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Addressing File-Level Encryption in Google Apps

3 minute read

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There’s no doubt that Google Apps is staking a claim in the market; studies indicate that usage of the Google ecosystem and its various apps has only increased in the workplace (in some cases by a lot: Google Hangouts had a 133 percent increase between 2013 and 2014).

It has also become clear that a widespread migration to the cloud is inevitable: By 2020, 80 percent of organizations are expected to be fully using the cloud. Of course, the cloud offers a myriad of advantages: it makes collaboration seamless, makes files easily accessible anywhere, and it allows employees to be more productive and efficient. But the cloud also brings with it a unique set of security challenges. And as more and more companies adopt Google Apps or other cloud providers, it’s paramount that they pay attention to major risk factors and deploy the right solutions. File-level encryption is one such solution that can really make a world of difference in maintaining security in the workplace.

One of the major threats to security in Google Apps is the use of mobile devices to access company data—which, frankly, is one of the major draws of using the cloud in the first place. What the problem comes down to is that files synced to mobile devices on Google Drive lose their default encryption, leaving them vulnerable to a data breach if they fall into the wrong hands. To Google’s credit, Google takes security seriously. Files stored in Google Drive at rest are comprehensively secured. Additionally, Google allows you to control your settings, keep an audit trail, easily reset passwords, deploy 2-step verfication, and create custom alerts. The mobile device issue isn’t unique to Google. It’s an oversight that all cloud sync-and-share solutions share. But it’s a major problem. Here’s an example:

Say an engineer syncs a folder to her Google Drive account so she can add some finishing touches to a presentation at home and then take the files to an off-site meeting the following day. Unfortunately, she leaves her phone in a taxi on the way back from the meeting and someone finds it, finds the now-unencrypted synced files, and has access to private client data, corporate financial information, and intellectual property. That’s bad news for the engineer, the client, and the company, which now has to contend with financial damages and a marred reputation.

An estimated 70 million smartphones are lost every year. In addition to lost smartphones, one should also consider the number of phones that get stolen, as well as lost and stolen tablets, laptops, and flash drives. It’s easy to see how a lot of sensitive information can fall into the wrong hands. Human error is inevitable, but what can companies do to prevent data loss in situations like these?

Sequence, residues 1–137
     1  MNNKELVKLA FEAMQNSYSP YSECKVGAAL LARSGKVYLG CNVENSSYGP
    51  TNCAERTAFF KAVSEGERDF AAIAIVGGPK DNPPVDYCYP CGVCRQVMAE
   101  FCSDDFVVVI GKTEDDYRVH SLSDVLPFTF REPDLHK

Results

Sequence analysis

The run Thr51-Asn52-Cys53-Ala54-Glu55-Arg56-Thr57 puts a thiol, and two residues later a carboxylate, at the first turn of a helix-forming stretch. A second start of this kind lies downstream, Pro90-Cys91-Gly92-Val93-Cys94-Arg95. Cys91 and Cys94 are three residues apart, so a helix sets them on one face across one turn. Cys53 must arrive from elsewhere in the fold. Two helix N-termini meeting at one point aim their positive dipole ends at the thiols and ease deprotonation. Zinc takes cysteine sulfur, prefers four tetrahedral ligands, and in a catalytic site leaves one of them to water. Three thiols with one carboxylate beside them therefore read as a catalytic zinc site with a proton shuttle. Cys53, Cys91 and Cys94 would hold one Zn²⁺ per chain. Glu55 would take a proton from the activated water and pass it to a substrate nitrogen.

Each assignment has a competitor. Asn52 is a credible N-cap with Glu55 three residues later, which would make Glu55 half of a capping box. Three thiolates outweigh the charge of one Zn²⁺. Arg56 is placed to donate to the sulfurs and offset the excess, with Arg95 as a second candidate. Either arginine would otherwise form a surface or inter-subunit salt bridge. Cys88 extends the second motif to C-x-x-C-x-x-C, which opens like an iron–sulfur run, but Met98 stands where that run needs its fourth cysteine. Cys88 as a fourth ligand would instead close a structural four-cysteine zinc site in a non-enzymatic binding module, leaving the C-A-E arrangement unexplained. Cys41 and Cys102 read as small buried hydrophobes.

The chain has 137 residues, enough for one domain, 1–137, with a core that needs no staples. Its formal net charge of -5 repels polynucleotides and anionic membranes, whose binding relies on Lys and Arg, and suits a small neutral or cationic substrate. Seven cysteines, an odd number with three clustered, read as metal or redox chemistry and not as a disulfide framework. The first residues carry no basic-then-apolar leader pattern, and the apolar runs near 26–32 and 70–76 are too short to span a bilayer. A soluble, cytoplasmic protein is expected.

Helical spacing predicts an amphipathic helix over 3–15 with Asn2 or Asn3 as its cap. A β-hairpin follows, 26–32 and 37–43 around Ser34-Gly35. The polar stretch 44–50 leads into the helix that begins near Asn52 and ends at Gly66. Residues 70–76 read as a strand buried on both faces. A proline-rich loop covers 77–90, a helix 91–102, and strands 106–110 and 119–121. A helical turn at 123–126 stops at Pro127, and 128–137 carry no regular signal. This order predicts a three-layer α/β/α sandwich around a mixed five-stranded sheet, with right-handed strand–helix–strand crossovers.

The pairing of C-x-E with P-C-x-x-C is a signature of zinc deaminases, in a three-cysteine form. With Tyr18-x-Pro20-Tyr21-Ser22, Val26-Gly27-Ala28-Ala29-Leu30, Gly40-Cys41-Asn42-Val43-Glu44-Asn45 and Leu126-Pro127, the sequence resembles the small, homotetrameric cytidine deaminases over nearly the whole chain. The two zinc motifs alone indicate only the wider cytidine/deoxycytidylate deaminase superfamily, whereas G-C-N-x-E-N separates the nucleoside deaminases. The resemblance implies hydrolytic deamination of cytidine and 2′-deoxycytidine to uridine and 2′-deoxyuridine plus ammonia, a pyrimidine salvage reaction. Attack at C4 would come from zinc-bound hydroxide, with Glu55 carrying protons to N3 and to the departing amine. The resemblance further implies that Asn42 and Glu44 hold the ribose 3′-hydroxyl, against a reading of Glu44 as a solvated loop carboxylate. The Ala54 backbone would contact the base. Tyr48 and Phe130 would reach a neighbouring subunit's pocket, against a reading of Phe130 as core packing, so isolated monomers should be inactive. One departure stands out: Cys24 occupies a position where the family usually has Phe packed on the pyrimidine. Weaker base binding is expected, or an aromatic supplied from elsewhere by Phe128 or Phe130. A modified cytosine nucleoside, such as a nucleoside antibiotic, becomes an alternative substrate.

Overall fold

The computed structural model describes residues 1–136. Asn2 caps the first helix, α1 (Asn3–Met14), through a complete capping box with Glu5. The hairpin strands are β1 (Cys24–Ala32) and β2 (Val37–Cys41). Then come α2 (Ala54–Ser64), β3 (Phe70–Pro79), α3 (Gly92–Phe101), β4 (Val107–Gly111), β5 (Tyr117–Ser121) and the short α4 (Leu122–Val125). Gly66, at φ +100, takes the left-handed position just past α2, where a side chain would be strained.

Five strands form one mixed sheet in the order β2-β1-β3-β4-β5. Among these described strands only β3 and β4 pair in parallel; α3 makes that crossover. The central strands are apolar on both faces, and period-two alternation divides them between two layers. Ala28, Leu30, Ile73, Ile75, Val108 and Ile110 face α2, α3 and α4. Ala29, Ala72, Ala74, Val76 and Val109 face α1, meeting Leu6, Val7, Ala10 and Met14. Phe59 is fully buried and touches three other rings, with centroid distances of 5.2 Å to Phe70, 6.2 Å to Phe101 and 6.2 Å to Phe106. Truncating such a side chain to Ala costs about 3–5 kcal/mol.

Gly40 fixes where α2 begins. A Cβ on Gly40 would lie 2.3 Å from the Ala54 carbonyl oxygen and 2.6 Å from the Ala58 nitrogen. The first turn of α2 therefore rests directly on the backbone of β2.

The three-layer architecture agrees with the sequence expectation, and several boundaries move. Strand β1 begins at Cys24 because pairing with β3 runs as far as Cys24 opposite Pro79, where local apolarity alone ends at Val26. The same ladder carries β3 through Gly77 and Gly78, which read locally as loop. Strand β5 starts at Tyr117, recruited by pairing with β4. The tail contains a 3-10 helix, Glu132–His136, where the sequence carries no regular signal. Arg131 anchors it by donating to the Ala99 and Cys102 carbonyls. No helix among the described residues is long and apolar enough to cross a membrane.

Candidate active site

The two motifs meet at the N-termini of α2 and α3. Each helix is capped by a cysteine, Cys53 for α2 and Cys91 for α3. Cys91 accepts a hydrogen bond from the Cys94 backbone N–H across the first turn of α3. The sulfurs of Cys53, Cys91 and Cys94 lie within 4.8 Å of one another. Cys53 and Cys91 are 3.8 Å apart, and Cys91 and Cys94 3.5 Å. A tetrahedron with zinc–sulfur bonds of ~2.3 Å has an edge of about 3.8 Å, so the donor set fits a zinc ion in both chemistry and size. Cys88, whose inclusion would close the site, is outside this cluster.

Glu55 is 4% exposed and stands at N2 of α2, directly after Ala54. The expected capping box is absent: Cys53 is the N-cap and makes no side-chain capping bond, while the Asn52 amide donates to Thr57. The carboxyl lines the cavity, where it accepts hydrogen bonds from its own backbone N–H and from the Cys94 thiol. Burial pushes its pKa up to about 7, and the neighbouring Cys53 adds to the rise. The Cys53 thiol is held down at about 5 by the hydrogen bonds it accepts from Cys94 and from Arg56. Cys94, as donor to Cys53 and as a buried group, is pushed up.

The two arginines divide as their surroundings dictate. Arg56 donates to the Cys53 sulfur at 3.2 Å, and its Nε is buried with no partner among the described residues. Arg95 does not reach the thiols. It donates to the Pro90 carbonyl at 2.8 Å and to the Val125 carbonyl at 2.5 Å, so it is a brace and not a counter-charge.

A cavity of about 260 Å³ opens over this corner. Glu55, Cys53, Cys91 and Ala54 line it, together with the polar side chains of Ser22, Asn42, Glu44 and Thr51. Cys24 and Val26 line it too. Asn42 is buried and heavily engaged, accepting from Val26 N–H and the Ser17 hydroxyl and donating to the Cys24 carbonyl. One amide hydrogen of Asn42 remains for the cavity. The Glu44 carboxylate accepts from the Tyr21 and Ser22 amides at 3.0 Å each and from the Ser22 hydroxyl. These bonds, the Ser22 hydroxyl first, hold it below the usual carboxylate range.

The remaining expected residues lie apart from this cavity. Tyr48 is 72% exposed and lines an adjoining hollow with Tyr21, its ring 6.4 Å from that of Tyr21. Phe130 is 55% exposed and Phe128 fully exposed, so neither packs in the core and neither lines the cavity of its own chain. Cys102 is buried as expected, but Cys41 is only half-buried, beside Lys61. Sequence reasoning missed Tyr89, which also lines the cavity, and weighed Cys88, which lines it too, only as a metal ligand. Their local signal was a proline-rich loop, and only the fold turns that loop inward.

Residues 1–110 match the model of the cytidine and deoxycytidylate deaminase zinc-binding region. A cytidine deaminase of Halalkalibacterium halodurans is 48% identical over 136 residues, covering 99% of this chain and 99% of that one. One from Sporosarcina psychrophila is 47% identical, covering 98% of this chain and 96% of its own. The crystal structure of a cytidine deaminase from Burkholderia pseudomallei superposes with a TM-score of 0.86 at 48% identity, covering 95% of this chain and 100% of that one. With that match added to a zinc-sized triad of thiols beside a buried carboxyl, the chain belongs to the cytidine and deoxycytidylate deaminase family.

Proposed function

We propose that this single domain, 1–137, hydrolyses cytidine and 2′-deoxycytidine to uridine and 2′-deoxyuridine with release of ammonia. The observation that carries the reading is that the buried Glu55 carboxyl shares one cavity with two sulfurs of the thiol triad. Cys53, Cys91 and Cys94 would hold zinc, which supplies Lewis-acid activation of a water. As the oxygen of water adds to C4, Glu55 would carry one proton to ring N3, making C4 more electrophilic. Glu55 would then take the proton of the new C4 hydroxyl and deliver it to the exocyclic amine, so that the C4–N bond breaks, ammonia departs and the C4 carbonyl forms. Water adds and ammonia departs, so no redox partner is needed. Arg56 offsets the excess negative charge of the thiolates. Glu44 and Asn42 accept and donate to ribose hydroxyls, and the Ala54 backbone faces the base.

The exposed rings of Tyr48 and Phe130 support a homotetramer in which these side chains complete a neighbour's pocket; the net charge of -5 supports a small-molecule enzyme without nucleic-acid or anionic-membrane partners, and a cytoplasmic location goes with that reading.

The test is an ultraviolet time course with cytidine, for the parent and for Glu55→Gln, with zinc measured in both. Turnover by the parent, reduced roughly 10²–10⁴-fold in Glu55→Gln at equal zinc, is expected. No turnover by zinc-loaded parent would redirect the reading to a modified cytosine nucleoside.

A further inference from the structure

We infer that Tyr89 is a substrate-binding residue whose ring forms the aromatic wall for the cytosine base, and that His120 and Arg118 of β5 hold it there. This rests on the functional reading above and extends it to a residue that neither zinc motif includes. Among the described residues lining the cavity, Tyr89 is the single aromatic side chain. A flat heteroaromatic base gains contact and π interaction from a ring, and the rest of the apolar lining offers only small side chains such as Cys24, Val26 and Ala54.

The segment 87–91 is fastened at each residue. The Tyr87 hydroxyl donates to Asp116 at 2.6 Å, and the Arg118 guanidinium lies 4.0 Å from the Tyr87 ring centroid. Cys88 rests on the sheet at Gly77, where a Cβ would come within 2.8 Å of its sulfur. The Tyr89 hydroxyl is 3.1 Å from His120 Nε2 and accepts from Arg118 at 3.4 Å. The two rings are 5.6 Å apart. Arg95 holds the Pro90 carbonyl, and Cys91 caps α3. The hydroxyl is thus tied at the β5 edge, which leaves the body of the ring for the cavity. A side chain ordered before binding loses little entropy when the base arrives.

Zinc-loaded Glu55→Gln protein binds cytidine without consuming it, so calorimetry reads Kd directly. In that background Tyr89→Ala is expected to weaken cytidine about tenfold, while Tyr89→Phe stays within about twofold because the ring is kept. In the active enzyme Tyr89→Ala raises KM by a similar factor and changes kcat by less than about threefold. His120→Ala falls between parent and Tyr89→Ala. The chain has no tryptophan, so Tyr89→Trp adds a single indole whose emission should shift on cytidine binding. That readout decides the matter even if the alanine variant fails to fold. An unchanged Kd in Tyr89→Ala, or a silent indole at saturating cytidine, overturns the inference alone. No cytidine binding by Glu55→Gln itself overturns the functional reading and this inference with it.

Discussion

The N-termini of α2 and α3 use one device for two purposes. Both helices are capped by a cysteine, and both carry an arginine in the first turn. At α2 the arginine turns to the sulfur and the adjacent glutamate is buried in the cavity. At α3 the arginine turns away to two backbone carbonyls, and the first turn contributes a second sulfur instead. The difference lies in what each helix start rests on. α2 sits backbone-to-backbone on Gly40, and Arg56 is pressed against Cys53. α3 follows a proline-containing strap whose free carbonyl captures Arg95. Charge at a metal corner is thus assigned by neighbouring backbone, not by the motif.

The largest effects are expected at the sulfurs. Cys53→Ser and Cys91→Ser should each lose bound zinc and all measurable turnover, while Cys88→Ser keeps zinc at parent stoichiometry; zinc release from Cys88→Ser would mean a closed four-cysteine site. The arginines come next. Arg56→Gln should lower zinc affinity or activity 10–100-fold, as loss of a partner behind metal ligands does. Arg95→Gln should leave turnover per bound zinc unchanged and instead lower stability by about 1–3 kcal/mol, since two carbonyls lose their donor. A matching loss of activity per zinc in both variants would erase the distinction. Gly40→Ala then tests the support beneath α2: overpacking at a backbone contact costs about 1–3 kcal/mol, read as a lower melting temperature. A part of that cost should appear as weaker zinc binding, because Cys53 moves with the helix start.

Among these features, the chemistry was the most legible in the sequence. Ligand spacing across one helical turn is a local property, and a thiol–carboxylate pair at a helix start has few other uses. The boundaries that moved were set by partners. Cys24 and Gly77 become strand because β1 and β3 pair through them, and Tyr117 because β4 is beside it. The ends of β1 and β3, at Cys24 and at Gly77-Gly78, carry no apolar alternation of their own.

That’s where file-level encryption comes in, which is a solution that can really make a world of difference in maintaining security in the workplace. Data encrypted at the file level stays encrypted wherever it goes—even when it’s synced to mobile devices. What’s more, it’s easy to deploy and adds a transparent layer of protection to Google Drive, meaning that it won’t change the way you work at all. File-level encryption would render the engineer’s files unintelligible to anyone but her and users she’s authorized, preventing a data breach and letting her clients rest easy.

File-level encryption keeps data safe in other situations, too. For instance, many data breaches occur because of dumb mistakes, like sending the wrong attachment or misaddressing an email. But if you send an attachment that’s been encrypted at the file level, only specified recipients can open it; if you accidentally send it to the wrong person, they simply won’t be able to retrieve its contents. No harm, no foul.

It’s true that data breaches seem to occur almost daily lately, and as more companies consider moving to the cloud and using Google Drive to store and share their corporate data, the question of security becomes an increasingly important one. The threat of data loss can be a barrier to cloud adoption for some organizations, but it shouldn’t be the reason companies stay stuck in the past. Maintaining security on mobile devices and mitigating user mistakes should be security priorities—and deploying file-level encryption for Google Drive is a simple and effective place to start.

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